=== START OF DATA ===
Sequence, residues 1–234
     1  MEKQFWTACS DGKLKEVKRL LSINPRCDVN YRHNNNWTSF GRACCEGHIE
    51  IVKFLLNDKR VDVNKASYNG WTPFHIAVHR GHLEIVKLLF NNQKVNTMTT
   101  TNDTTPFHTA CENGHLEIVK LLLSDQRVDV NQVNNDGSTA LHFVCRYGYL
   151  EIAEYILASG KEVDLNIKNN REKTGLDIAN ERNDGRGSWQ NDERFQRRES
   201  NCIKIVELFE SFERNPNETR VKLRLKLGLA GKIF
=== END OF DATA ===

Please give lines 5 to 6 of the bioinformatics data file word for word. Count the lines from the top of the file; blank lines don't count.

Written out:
   151  EIAEYILASG KEVDLNIKNN REKTGLDIAN ERNDGRGSWQ NDERFQRRES
   201  NCIKIVELFE SFERNPNETR VKLRLKLGLA GKIF